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The practise of immersing the body in some substance, usually water, but also mud and milk, for the purposes of cleanliness and health. As a practice it has existed since the earliest times.

In ancient Crete, cleansing of the skin was achieved by rubbing it with olive oil which had been scented with aromatic herbs. The oil, together with dirt and dead skin, was then scraped from the skin with a scythe-shaped implement.

Excavations at the palace of Knossos have revealed that it, at least, was supplied with both hot and cold water.

The Ancient Greeks and Romans regarded bathing as a central part of social life and it was the Romans who developed bathing into a height of luxury. The system which they employed consisted of public baths first entering a hot bath with the water heated using wood fires or [geothermal springs as at Bath in the West Country. The bather would then enter a heated room where the body would perspire frofusely before plunging into a cold bath or swimming pool. Some Roman baths were equipped with gardens and lecture and other meeting rooms and were open to both sexes. As well as bathing, they performed a function akin to that of modern social clubs.

Bathing was abandoned in Britain, as in most of the European continent when the Romans withdrew from the province in AD 410 and Britain slipped into what is now known as the "Dark Ages". There is evidence that the Saxons made use of the hot springs at Bath althugh bathing, were it was practised, was undertaken for the curative properties of the water rather than for cleanliness.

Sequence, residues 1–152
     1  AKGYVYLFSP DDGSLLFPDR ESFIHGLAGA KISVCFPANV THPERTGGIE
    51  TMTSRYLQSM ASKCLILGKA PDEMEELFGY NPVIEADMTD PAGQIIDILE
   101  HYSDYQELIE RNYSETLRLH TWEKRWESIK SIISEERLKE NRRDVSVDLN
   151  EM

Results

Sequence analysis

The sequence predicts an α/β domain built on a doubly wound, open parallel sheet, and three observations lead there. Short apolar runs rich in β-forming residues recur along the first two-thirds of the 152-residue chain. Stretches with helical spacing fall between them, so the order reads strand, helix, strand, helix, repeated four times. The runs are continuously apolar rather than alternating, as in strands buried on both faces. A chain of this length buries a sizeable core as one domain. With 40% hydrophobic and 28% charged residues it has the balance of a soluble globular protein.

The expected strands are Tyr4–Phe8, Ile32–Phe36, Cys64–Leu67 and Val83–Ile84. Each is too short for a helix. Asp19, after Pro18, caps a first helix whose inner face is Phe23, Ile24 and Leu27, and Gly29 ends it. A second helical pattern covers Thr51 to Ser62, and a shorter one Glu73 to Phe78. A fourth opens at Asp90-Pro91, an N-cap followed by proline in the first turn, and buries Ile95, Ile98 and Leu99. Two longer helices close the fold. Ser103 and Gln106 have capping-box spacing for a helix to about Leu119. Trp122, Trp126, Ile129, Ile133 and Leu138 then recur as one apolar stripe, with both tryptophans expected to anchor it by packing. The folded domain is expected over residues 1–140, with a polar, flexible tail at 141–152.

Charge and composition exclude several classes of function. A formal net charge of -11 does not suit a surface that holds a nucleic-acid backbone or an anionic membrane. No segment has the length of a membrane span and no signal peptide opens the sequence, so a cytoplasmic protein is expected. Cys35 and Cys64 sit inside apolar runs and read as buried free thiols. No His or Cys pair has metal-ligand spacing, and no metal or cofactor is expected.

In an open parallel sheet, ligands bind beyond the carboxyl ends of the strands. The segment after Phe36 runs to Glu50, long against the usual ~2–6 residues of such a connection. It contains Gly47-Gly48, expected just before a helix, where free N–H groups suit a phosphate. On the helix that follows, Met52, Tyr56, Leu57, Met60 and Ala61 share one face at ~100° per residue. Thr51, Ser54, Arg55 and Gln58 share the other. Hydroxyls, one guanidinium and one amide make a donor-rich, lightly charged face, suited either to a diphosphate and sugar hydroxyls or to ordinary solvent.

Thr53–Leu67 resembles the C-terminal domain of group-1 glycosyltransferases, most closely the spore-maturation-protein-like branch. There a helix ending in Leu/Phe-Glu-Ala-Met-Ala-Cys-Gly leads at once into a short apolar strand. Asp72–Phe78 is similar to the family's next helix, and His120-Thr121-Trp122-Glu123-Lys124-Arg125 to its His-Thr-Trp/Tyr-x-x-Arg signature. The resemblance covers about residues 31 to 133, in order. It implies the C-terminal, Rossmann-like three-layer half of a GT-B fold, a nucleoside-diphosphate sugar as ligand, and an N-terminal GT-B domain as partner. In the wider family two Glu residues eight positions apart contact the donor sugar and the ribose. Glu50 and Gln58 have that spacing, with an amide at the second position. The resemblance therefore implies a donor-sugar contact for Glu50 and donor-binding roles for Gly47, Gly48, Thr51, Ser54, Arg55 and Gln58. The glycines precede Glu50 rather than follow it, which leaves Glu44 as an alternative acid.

The crusaders who fought and lived for long periods in the Middle East became accustomed to many of the local luxuries and public baths was one of the ideas which they returned with. The exposure of the body which bathing by its nature involved was contrary to the notions of modesty of the medieval church which banned the practice on the grounds that it was supposed to tend to immorality.

Most people got married in June after they had taken annual bath in May although they must have started to smell again by the time of the wedding - thus the tradition of brides carrying a bouquet of flowers to disguise the odour.

With all water drawn from a pond, river, moat or well, baths were taken in a big tub filled with water heated in pots over the domestic fire. The head of the household held the privelege of taking the first bath in the clean water and was followed by his sons and the other men of the household. Then the women took their turn followed by the children and, last of all the babies in the warm water which had become quite foul - hence the expression "Don't throw the baby out with the bath water."

Eighteen Turkish baths, known as `stews', were built in Southwark (beyond the precincts of the City of London) during the Tudor period. Unfortunately, these soon came to be used as brothels leading to their suppression during the reign of King Henry VIII (1509-1547) when it was proclaimed that . . .